To the film devotees who are aware of her, Joan Harrison was the beautiful blonde who was hired as director Alfred Hitchcock’s secretary in 1933, when she was only 26. Quickly proving to be the worst secretary he ever had, she was promoted to script reader and story editor, eventually winning an Academy Award nomination for co-writing the 1940 best-picture winner, Rebecca. Harrison struck out on her own to become one of the few female producers in the studio system of the 1940s, spending the next decade making noir films—including the 1944 genre favorite Phantom Lady—before rejoining Hitchcock to produce the television series Alfred Hitchcock Presents and The Alfred Hitchcock Hour.
In this version of the story, it was Hitchcock who made Harrison; when doing research for my book Phantom Lady: Hollywood Producer Joan Harrison, the Forgotten Woman Behind Hitchcock, I discovered that Harrison and Hitchcock were much closer to being creative equals. Early on in Hitchcock’s career—he was still a London-based director when they met—Harrison was already serving as both creative producer and line producer, managing the day-to-day.
Keys to the Hitchdom
As early as Hitchcock’s The Lady Vanishes and Jamaica Inn—both filmed between March 1938 and January 1939—Harrison was vital to every stage of the production process, from story selection, script development, casting, and scheduling to censorship battles, marketing, and audience previews. It was her job to ensure the “big picture,” and when it came to the small details she was indispensable. As he negotiated a possible move from the British film industry to America in the summer of 1938, Hitchcock insisted that Harrison accompany him. “Hitchcock says that this girl has worked with him for years and is invaluable to him in connection with his ‘peculiar system’ of writing, his shooting schedule, camera angles, etc.,” one agent noted in an internal memo.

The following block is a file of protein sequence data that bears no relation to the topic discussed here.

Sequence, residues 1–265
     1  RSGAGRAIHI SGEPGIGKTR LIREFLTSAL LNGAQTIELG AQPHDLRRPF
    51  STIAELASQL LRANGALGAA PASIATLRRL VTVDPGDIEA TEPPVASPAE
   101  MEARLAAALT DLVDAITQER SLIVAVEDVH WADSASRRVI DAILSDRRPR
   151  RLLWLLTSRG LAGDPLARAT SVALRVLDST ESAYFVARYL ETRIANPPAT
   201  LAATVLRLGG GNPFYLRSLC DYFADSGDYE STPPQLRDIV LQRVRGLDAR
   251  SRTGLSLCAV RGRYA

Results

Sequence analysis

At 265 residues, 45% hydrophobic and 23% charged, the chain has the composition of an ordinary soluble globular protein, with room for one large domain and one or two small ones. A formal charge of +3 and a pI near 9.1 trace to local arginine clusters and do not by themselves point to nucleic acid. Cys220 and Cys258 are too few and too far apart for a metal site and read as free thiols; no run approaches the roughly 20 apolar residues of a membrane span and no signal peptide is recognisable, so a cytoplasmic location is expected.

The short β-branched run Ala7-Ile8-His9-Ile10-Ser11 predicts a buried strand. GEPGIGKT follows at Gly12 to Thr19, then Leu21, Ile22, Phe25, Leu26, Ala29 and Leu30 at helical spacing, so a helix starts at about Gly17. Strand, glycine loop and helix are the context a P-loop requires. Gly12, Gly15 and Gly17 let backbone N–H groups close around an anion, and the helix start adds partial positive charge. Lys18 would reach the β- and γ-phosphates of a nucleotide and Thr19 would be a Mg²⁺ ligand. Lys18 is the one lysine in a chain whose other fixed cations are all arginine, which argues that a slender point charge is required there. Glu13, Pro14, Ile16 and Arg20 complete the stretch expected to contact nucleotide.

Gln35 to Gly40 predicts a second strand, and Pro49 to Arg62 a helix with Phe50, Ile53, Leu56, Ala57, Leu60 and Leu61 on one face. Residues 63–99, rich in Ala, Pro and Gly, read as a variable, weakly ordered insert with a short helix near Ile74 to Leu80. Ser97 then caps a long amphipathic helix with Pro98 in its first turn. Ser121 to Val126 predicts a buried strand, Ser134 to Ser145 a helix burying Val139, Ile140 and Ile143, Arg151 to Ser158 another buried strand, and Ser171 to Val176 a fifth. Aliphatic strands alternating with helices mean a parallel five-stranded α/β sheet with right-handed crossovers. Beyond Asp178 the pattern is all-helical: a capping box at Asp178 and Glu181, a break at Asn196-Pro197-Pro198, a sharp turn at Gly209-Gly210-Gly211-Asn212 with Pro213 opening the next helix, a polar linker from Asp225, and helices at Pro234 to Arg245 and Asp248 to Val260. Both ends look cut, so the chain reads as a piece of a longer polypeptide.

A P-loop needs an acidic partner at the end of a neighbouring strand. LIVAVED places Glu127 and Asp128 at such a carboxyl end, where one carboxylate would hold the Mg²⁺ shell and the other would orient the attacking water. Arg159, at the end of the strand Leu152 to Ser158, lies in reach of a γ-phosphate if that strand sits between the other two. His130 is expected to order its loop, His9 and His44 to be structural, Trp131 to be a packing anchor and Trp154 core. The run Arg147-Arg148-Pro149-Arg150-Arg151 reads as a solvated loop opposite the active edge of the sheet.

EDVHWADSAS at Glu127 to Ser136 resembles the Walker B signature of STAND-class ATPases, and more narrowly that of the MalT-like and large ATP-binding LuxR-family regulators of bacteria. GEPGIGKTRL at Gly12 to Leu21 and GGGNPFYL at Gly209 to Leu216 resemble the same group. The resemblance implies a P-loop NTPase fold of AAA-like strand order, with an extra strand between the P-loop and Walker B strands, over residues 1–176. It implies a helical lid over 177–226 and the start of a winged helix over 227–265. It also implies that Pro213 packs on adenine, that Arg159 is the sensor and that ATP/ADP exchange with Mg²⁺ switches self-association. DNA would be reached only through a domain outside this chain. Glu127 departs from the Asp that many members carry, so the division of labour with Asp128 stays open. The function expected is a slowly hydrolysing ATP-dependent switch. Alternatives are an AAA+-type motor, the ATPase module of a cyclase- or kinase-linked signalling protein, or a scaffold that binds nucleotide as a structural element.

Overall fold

Apart from his wife, Alma Reville, and daughter, Patricia, Harrison was the only person to accompany the director when he made his permanent move to Hollywood nine months later. To keep her by his side, Hitchcock secured Harrison a 20-week contract to work on his American debut, Rebecca, and extracted a guarantee from super-producer David O. Selznick that she would be attached to any future films.
“Hitchcock says that this girl … is invaluable to him in connection with his ‘peculiar system’ of writing.”
Collaborating with him on nearly a dozen films and, later, overseeing his television series, Harrison played a fundamental role in Hitchcock becoming Hitchcock—in shaping the director’s commercial brand and stylistic signature. Who can forget the dry and droll presence of the man she called “Hitchy” stepping into a silhouette of himself to the tune of “The Funeral March of a Marionette” on his TV show? To this day, no director has been better marketed to the public.
Harrison’s story teaches us the lesson, as relevant today as ever, that even when women are given credit, they are usually defined through the men with whom they work. For far too long, she has been seen as the apprentice who “liberated” herself from the great director, only to dutifully return to the fold. She has been treated as an addendum to the Hitchcock story. In truth, she was one of its authors.
When will we re-write the script and begin to define important men through the women who helped shape them?
Christina Lane’s Phantom Lady is out now from Chicago Review Press